Wisconsin hunter to stand trial in killing

(AP) - A judge ordered a white hunter to stand trial for murder in the fatal shooting and stabbing of a Hmong hunter in woods near Peshtigo last month.

The slaying has rekindled racial tension in northern Wisconsin, where a Hmong deer hunter was sentenced to life in prison for shooting and killing six white hunters in 2004.

Some Hmong have speculated that James Nichols, 28, of Peshtigo, killed 30-year-old Cha Vang of Green Bay in retaliation.

Family and friends of both Nichols and Vang packed the courtroom Wednesday. Nichols showed no emotion as Marinette County Circuit Judge David Miron ruled that prosecutors had enough evidence to justify three felony charges against him, including first-degree intentional homicide.

Nichols, who has worked as a logger and at sawmills, told investigators he shot and stabbed Vang in self-defense after a confrontation in which Nichols told Vang to leave the area because he was interfering with his squirrel hunting, a criminal complaint said.

"He advised me that the Hmong group was bad and he was trying to be nice to this individual, but the individual started talking gibberish to him and shot him," Sheriff's Sgt. Jason Ducane testified.

Vang's family has said he could not have provoked an attack because he spoke no English.

Sheriff's Detective Anthony O'Neill said Nichols had stated he ran 40 feet, tried to hide behind a tree and shot once with his single-shot shotgun.

"He said he took no specific aim. He called it a wild shot and he wasn't sure if he hit him," O'Neill said.

Nichols told the detective that he saw Vang having problems with his gun and, figuring it was jammed, Nichols ran at Vang, took away the gun and threw it, wrestling Vang to the ground.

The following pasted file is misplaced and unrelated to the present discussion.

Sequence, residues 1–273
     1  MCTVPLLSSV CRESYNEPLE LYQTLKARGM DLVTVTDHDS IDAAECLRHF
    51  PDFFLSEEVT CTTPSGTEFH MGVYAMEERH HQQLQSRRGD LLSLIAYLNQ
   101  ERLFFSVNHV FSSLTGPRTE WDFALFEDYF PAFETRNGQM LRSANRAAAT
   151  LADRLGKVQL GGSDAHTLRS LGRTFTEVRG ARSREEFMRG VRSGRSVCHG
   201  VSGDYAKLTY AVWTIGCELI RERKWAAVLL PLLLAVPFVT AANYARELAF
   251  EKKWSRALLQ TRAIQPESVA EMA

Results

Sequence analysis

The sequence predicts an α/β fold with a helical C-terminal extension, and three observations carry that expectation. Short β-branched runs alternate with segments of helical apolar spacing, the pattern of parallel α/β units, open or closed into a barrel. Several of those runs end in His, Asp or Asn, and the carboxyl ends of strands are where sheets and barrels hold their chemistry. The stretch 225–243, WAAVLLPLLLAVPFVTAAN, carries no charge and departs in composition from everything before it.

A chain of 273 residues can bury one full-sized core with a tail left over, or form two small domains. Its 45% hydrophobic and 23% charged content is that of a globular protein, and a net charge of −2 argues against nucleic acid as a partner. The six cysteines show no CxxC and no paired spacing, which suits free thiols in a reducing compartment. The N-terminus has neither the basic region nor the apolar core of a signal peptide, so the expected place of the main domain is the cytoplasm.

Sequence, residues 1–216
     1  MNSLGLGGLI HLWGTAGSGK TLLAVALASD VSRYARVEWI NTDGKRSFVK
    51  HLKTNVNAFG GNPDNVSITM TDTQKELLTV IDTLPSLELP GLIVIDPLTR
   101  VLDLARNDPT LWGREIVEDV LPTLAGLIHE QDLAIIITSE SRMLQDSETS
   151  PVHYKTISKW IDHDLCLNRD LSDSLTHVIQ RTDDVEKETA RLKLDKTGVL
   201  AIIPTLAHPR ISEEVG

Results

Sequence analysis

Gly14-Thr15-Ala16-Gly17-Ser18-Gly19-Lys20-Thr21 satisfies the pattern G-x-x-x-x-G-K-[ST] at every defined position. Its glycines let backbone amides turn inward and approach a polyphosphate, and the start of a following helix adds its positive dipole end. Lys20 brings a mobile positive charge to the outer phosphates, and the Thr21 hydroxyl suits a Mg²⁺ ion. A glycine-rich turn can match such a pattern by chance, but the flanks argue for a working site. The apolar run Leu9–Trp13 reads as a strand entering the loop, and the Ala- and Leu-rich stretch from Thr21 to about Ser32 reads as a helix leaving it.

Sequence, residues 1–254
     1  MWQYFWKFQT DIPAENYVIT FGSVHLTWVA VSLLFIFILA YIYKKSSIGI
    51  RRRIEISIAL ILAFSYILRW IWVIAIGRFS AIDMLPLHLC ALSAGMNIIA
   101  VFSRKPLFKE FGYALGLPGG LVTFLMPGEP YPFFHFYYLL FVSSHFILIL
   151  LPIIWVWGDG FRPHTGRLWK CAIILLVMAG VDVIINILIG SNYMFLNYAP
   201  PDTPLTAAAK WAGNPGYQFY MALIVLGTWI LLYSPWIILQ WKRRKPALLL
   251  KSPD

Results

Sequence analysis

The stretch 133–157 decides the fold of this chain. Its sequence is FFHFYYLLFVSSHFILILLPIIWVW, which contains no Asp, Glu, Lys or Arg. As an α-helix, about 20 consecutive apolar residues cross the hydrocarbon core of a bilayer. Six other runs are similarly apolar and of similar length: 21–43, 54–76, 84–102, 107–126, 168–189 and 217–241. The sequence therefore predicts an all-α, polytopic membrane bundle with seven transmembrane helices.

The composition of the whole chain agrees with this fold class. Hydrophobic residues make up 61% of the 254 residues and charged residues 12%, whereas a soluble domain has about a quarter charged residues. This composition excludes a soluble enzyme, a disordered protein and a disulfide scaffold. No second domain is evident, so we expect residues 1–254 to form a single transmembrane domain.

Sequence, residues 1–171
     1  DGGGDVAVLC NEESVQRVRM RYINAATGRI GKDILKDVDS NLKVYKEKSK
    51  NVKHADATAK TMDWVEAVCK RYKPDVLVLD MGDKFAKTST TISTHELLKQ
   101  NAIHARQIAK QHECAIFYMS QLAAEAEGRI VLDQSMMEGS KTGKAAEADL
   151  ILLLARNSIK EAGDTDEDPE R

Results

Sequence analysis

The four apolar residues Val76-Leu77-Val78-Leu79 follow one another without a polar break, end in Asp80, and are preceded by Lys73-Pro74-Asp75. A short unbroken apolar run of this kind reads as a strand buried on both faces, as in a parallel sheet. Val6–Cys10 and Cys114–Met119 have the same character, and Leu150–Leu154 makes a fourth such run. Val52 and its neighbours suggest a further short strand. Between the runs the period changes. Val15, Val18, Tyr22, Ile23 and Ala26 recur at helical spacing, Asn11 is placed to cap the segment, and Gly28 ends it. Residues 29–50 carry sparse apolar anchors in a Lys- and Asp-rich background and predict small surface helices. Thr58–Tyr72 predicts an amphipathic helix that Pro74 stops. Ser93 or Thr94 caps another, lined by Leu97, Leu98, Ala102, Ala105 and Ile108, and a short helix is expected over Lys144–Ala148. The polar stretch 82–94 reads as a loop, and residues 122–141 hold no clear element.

"He said he stabbed him twice in the neck," O'Neill said.

O'Neill testified that Nichols said he had hunted in the same area before, then remarked the Hmong are "bad. The Hmong shoot at anything and they are mean."

O'Neill said he never asked Nichols what he meant when he said the Hmong were mean.

Under cross examination, O'Neill testified that investigators have found no physical evidence on who shot first.

The judge said testimony from two detectives about Nichols' version of what happened clearly showed that Nichols caused Vang's death. Miron scheduled a hearing March 19 for Nichols to enter pleas.

Public defender Kent Hoffmann said Nichols would plead not guilty.

"Nothing we heard today surprised us," he said. "We are fully confident in our defense, and will get ready for trial."

Dr. Mark Witeck, who performed Vang's autopsy, said Wednesday that Vang was shot once with a shotgun, probably from about 50 feet away, and suffered six stab wounds to his face and neck.

"His actual cause of death is due to the massive bleeding caused by the injuries," Witeck said.

According to testimony Wednesday, Vang's body was found covered with wood, leaves and other debris in the Peshtigo Harbor Wildlife Area. An autopsy indicated Vang was hit by a shotgun blast and stabbed six times.

Sheriff's deputies arrested Nichols after he went to a hospital Jan. 5 with what he called .22-caliber bullet wounds to his hands, about the same time members of Vang's hunting party reported him missing.

Ducane said Wednesday he talked to Nichols at a hospital while the defendant's hands were still bleeding from what Nichols said were gunshot wounds from Vang.

Nichols, who has been jailed on $500,000 bail, was charged with first-degree intentional homicide while armed, hiding a corpse and being a felon in possession of a firearm. He was charged as a habitual criminal because of his previous conviction for burglary.

Six deputies and some Southeast Asians, including Vang's widow, followed testimony with earphones as it was interpreted to them.

Wisconsin, Minnesota and California are home to the largest populations of Hmong, an ethnic minority that fled Laos after the Vietnam War.

(Copyright 2007 by The Associated Press. All Rights Reserved.)

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